What does this mean in practical terms? If you love photography, go photograph whatever, whenever, and wherever you can, even if it’s in your own home or back yard, even if it’s not in-you-face “epic,” or some must-see hotspot. Don’t rely on things outside yourself to excite you—find ways to excite yourself. If you have time to spare, even if not by choice, invest this time in making yourself better. Use this time to read, research, learn new things, experiment, immerse yourself in art—in paintings, music, photographs, whatever. Catch up on the classics: books, movies, art, etc. Remind yourself of those things you’ve always wanted to do “some day when you have time” and just do them! Start writing a book, put some portfolios together, start a blog, redesign your website, learn to print, etc. The common denominator for such things is that, unlike hope, they reward in real time; you will be better off just for doing them—just for occupying your mind and body with them—regardless of any other event or future outcome.

~~~

Taking my own advice, other than my ongoing work on upcoming books (almost there…) I also decided to push myself to find new photographic expressions—something I knew I’ve had to do for a while now. Much as I love my intimate color work, I felt I have reached a plateau and lost some creative momentum, and that my former work had ceased to be expressive of the realities of my present. For a while now I’ve felt like I needed something to excite me to photograph passionately again. This by no means implies that I consider my former work “finished.” Far from it. I very much look forward to reconnecting with beautiful places and experiences again. It’s just that, as satisfying as making such images was in its own right, my head has not been “in it” for a while, and it does not align with my current state of mind—with the person I have become as a result of recent struggles, with new meanings and realizations I have not channeled into my work until now, preferring the comfort of the familiar despite it no longer being expressive.

In hindsight, I can see now that something new has been “incubating” in me these past couple of years. The first expressions of this “something” finally began to take shape a few months ago when certain kinds of subject, compositions, and styles began calling out to me louder and louder, and progressively more consistently. Suddenly I realized I’ve accumulated a sufficiently rich body of work in this vein to recognize that these photographs were not just anecdotal or coincidental one-offs. They began to come together naturally and motivated me to do more of them. You can see what I hope is just the first chapter in this new photographic journey in a new portfolio I’ve tentatively titled, Worlds Within Worlds.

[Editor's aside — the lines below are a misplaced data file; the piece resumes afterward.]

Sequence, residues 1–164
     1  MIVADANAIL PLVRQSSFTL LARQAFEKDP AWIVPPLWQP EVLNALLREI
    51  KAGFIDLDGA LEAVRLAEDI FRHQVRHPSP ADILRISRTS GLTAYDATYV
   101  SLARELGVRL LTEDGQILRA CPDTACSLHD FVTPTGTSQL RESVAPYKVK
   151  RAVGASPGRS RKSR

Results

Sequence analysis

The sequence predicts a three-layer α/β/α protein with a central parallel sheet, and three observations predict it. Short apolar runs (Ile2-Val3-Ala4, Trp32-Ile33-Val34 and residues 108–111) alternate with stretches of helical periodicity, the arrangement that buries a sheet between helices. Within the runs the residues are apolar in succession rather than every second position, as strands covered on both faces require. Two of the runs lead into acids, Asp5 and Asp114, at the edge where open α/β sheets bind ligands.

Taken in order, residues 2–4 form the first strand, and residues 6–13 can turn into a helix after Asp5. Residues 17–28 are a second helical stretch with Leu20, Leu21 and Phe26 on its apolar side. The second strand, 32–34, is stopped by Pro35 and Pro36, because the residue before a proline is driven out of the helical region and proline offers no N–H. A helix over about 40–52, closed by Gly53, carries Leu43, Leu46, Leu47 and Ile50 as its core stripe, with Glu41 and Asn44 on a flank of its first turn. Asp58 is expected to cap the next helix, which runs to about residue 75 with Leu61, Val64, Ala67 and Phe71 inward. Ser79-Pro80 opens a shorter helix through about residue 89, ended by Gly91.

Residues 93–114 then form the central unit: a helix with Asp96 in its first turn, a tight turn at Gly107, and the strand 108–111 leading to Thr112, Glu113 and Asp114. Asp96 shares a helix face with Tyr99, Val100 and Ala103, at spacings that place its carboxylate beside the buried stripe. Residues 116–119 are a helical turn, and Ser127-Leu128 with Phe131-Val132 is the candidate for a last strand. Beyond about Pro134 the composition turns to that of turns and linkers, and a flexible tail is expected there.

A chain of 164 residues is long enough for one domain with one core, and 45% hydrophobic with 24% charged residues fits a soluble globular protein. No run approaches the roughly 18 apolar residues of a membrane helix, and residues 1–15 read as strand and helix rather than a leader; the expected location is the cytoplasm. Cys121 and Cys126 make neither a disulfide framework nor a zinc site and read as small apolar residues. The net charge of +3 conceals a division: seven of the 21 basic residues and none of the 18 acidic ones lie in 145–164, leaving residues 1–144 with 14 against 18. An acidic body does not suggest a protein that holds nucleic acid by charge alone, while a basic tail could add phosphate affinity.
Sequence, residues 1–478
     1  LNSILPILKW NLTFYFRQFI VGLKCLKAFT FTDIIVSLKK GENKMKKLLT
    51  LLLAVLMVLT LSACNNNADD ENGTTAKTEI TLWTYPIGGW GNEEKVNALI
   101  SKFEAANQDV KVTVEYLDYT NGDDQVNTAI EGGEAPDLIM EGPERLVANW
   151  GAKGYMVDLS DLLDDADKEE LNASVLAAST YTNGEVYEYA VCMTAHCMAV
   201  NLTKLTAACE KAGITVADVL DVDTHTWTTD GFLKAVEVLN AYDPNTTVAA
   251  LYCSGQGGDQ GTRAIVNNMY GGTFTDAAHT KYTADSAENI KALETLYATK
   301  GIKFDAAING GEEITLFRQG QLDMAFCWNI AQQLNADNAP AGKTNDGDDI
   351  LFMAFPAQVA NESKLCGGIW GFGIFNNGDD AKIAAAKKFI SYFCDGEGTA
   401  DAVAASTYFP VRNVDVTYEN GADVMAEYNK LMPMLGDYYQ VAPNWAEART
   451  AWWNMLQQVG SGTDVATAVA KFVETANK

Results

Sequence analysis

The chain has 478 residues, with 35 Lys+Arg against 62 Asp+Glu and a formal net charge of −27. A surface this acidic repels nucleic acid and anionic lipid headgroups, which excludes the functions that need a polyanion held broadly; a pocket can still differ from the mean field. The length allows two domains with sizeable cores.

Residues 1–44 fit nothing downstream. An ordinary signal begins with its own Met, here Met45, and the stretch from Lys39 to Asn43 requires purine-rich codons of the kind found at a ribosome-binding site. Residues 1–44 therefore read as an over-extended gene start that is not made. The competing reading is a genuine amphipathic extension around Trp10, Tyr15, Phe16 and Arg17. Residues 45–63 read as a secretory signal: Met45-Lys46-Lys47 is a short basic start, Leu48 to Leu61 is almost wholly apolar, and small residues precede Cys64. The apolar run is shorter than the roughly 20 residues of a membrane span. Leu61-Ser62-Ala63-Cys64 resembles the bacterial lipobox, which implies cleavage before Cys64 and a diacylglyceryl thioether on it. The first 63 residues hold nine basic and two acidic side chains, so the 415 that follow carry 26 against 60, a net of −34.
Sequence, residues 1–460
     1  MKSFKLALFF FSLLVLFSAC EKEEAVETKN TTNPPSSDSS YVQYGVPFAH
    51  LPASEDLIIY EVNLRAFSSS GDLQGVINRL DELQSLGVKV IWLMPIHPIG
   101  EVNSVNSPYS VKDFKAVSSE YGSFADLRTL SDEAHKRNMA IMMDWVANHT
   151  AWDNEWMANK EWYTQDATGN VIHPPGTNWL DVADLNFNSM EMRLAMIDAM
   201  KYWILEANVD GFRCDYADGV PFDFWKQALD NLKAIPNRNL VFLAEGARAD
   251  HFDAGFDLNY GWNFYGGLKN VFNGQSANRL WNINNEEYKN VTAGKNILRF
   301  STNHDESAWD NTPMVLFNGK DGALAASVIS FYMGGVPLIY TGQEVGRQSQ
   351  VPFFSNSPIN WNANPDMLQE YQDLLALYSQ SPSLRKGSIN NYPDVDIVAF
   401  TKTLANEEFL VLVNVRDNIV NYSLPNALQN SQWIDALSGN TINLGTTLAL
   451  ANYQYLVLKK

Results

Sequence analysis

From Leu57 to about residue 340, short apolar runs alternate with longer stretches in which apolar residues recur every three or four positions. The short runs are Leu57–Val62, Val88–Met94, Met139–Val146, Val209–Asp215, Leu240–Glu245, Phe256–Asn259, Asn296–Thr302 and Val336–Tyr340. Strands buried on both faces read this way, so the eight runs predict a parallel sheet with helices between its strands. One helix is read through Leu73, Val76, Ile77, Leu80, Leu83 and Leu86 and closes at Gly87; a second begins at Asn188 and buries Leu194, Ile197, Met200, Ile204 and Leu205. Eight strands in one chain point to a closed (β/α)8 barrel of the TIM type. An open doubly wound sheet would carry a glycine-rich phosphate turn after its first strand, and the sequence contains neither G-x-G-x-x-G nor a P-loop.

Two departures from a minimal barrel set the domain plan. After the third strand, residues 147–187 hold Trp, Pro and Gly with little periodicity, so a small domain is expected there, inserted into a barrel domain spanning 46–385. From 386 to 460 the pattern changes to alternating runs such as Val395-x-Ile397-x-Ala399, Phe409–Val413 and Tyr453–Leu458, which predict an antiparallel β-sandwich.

I hesitate to make any strong statements about this new direction right now because I don’t feel I have explored it enough yet, and I don’t want to prejudice or restrict myself. I will very likely share more thoughts about it as I become more conscious of where it is leading me and what it may reveal to me about myself. Suffice to say at this time that I feel creatively inspired, and that is a wonderful thing to be, especially in troubled times.

Oculus

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3 thoughts on “Stop Hoping. Start Living.

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  1. Beautifully put, Guy. Just the pep talk I needed right now as I sit in my empty shopping center whose traffic has been decimated by pandemic and poor management. What could be more challenging than try9ing to build a brick and mortar photography business in these challenging times? The opposite of hope is despair, and it is perhaps more harmful than hope (cause I’m hoping for a better fall…) But for sure, I need to live more right now and not dwell on the uncontrollable. I definitely need to do some more writing! Your new work is intriguing and I will definitely take a good look!

    1. Great to hear from you, Stan! Who could have imagined all those years ago when we were exchanging critiques what a journey this would turn out to be 🙂
      Stay safe, my friend. I hope you’re doing well.

  2. Beautifully put. Hoping for good outcomes for the world, our loved ones and ourselves is one thing. When because of hope we turn away from appreciating what is here is when the trouble starts. I think the lot of the cynicism we find in so many people these days is because of unfulfilled hopes.